Hematologic effects of aspirin (in addition to predictable antiplatelet effects which may result in hemorrhage) include increased blood fibrinolytic activity. In addition, hypoprothrombinemia, thrombocytopenia, thrombocyturia, megaloblastic anemia, and pancytopenia have been reported rarely. Aplastic anemia has also been reported.
The mechanism of aspirin-induced hypersensitivity may be related to an up-regulation of the 5-lipoxygenase pathway of arachidonic acid metabolism with a resulting increase in the products of 5-lipoxygenase (such as leukotrienes).
Aspirin hypersensitivity reactions include bronchospasm, rhinitis, conjunctivitis, urticaria, angioedema, and anaphylaxis. Approximately 10% to 30% of asthmatics are aspirin-sensitive (with the clinical triad of aspirin sensitivity, bronchial asthma, and nasal polyps).
Dermatologic effects from the use of aspirin have been reported rarely and include Stevens-Johnson syndrome and a lichenoid eruption.
Cases of aspirin-induced hepatoxicity and cholestatic hepatitis, particularly at high doses, have been reported rarely.
Several epidemiologic studies have suggested that chronic aspirin use may decrease the risk of large bowel neoplasms. Other studies have not found such a beneficial effect.
Metabolic side effects of aspirin have included dehydration and hyperkalemia. Respiratory alkalosis and metabolic acidosis, particularly during salicylate toxicity, have been reported. A case of hypoglycemia has been reported in a patient on hemodialysis. Salicylates have also been reported to displace triiodothyronine (T3) and throxine (T4) from protein binding sites. The initial effect is an increase in serum free T4 concentrations.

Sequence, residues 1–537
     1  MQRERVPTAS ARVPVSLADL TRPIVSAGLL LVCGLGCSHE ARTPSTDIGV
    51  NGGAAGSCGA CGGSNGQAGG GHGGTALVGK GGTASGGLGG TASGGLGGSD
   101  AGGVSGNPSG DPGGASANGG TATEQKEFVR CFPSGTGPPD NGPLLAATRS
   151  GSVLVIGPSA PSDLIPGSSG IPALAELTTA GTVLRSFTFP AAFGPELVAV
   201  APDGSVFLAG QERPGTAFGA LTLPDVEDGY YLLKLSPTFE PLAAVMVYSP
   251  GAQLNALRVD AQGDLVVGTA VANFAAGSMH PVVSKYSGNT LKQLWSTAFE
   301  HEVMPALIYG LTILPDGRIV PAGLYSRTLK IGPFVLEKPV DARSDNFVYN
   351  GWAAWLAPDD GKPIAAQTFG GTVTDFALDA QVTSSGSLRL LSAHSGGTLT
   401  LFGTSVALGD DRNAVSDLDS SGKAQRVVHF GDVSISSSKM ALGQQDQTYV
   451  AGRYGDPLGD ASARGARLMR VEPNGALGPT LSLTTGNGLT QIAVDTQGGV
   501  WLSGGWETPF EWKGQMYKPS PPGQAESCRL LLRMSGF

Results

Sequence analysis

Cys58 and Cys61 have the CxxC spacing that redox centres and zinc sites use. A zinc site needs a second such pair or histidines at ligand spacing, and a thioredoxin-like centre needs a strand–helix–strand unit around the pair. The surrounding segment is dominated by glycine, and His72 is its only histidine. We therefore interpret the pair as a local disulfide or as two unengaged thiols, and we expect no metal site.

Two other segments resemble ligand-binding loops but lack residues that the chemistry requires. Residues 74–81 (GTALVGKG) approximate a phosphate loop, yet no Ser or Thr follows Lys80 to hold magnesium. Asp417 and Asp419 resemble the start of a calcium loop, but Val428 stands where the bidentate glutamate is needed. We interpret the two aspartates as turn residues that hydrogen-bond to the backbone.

Cardiovascular effects of aspirin have been reported rarely and include salicylate-induced variant angina, ventricular ectopy, conduction abnormalities, and hypotension, particularly during salicylate toxicity.
Regarding the use of aspirin, some investigators have suggested that tinnitus may be a less reliable indicator of salicylate toxicity than previously believed. Patients with high frequency hearing loss may have difficulty perceiving tinnitus. In a study of rheumatoid arthritis patients, those with tinnitus had no greater salicylate levels than those without tinnitus. Elderly patients may be less likely to perceive tinnitus than younger patients.
Central nervous system effects in patients receiving aspirin include agitation, cerebral edema, coma, confusion, dizziness, headache, cranial hemorrhage, lethargy and seizures. Tinnitus and subjective hearing loss (or both) may occur. Some investigators have reported that modest doses may result in decreased frequency selectivity and may therefore impair hearing performance, particularly in the setting of background noise.